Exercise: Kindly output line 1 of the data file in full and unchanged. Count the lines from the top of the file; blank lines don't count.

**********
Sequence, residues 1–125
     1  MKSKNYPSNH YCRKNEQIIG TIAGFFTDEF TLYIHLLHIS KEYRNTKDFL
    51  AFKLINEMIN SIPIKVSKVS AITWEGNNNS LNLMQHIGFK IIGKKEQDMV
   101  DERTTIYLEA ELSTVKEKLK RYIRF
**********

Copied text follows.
Sequence, residues 1–125